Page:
spoke of splicing tape and two-reel recorders. And he also made it clear
that he thought of Negativeland’s albums as concept albums; he thought of those
albums as having a kind of coherence that dissolves in the age of mp3 exchange.
Any individual track–detached from the artifact of the album or CD, the jacket
notes–diminished the conceptual coherence of the album. His response to
new media, to the digital’s blurring of media, was tentative, uncertain (or
perhaps just underdeveloped because we were out of time). He also said he
wasn’t sure whether the group had a myspace account. Apparently someone
outside the group claimed a space for Negativeland, but they haven’t done much
to bolster their online presence. Hosler ended by noting that times have
changed. Once scarce materials (the Casey Casem rant, for example) now
circulate more freely than before. They’re abundant. And as he said
so, I had the impression that the counterculture rush of Negativeland’s work
has–for Hosler–lost some of its novelty because of massification, diminished
in waves of hobbyists trying–through success and failure–to create homegrown,
DIY media projects.


  1. I agree, D. I really enjoyed Mark’s stories and sense of humor — a great talk for sure. However, his last point seemed a little hypocritical to me. Granted, the proliferation of digital technology has probably created more consumers than producers, but to pine for the glory days of DIY punk purity (a day that never really existed, I think) too quickly denies the creative sensibilities of millions of artists who have continued to use new technologies to create collage. Maybe mash-ups are just “cute,” but the very act of co-opting two copyrighted works IS political. In the end, Hosler had a liberal cynicism that seemed to undermine the purpose his whole talk.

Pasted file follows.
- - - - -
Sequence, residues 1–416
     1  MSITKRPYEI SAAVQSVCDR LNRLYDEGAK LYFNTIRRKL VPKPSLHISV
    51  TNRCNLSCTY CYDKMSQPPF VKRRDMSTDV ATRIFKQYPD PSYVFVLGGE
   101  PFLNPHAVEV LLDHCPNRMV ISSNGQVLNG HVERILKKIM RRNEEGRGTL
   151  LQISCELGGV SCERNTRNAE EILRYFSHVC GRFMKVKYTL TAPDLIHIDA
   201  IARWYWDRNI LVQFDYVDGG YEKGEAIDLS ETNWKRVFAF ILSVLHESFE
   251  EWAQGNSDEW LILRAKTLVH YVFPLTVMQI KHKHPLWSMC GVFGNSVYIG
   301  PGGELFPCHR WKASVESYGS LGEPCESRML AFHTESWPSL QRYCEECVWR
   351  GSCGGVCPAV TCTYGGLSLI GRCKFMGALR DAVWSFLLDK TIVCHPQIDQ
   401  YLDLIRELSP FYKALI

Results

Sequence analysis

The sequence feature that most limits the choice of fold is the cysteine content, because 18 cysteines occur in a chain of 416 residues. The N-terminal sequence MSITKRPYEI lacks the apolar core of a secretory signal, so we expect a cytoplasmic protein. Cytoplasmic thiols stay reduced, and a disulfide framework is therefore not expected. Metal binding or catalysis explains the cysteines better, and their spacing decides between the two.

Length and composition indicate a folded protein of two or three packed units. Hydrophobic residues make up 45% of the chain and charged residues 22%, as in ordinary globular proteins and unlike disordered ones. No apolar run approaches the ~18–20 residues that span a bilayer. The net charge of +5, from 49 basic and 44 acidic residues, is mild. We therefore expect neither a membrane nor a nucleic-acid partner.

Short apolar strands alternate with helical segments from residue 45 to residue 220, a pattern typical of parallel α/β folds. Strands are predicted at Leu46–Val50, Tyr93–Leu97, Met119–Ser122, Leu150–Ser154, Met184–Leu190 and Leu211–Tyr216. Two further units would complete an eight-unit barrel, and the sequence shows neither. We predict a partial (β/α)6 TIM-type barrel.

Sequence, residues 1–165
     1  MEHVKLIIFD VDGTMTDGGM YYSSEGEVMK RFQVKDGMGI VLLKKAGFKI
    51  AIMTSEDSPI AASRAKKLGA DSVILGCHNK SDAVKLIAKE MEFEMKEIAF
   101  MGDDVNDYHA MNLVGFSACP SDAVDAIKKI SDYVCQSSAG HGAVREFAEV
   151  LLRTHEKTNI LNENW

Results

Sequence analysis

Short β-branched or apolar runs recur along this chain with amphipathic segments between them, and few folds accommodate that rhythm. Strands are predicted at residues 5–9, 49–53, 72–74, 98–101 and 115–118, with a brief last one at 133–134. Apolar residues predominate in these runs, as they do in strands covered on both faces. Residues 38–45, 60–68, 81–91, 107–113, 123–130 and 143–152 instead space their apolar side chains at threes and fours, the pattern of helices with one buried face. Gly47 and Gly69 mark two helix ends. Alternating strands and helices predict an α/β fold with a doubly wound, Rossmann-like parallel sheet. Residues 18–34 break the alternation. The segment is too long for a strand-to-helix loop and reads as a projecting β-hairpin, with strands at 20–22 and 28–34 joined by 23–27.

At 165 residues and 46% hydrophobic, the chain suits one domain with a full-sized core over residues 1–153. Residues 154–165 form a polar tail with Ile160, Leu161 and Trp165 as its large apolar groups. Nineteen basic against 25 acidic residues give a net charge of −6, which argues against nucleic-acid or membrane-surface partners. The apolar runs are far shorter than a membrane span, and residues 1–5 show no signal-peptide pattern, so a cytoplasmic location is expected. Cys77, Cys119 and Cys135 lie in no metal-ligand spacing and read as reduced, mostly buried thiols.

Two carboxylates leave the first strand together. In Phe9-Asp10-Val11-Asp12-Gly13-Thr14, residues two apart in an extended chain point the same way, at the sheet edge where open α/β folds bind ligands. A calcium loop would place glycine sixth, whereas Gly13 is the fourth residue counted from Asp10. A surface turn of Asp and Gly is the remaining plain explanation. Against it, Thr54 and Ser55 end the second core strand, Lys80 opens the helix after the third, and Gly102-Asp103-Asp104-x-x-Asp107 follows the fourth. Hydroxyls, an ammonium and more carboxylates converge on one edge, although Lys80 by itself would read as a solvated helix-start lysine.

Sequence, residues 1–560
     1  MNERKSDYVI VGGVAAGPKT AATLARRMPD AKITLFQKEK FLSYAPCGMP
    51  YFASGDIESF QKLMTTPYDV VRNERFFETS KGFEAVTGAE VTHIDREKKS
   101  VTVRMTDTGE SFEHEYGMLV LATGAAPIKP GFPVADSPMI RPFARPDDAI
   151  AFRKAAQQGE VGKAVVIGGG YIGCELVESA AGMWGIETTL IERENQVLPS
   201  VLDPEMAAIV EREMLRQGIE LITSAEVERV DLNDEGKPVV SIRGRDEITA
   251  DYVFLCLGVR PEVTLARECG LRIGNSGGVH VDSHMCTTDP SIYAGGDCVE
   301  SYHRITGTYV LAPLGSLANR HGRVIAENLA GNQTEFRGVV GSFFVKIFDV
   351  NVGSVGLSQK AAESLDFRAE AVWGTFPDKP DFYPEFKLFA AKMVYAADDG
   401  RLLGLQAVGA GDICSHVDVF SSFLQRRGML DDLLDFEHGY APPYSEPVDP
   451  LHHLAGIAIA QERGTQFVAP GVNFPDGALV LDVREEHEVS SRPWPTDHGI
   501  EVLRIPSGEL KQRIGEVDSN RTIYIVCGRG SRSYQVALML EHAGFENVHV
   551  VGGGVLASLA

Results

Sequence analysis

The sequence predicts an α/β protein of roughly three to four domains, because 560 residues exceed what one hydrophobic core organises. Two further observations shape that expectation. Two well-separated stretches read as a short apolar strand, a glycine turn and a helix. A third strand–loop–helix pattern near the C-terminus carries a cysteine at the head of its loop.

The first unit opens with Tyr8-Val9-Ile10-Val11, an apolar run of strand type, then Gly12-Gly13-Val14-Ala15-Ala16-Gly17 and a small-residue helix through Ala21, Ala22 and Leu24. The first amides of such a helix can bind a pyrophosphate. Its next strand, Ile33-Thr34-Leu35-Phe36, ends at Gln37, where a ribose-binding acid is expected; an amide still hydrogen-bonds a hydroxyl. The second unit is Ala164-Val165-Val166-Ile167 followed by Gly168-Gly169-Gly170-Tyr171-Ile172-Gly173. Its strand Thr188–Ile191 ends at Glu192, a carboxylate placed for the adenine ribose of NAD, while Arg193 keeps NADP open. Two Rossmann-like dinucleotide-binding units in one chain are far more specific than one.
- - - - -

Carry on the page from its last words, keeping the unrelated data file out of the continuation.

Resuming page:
2. It was subtle, but I’m glad to know I wasn’t the only one who left with that impression. Because he seemed unenthusiastic about the explosion of “everyone can do this now,” I thought much of the excitement leaked out towards the end of the talk. It’s as if Negativeland achieved notoriety because of the conditions of their times (an era of media scarcity, the 80’s and and early 90’s, before the web’s abundance took crept over). That he was unsure about whether Negativeland was blogging, that he didn’t address podcasting with much conviction (“we have a radio show…also available on the web”), and especially that he expressed a clear preference for “good” collage as distinguished from the mass of often-failed experimentation circulating on the web–each of these seemed to contrast with what I expected his stance would be: a more resolved approval of the wider circulation of “illegal art” and the expanded presence of underground mash-ups, media-experimental politics, etc. Not to mention a multiplied and moving assortment of legal targets.

    And yet, all of this said, if put to more direct questions (and with more time), he might very well have clarified and elaborated his view on these few issues.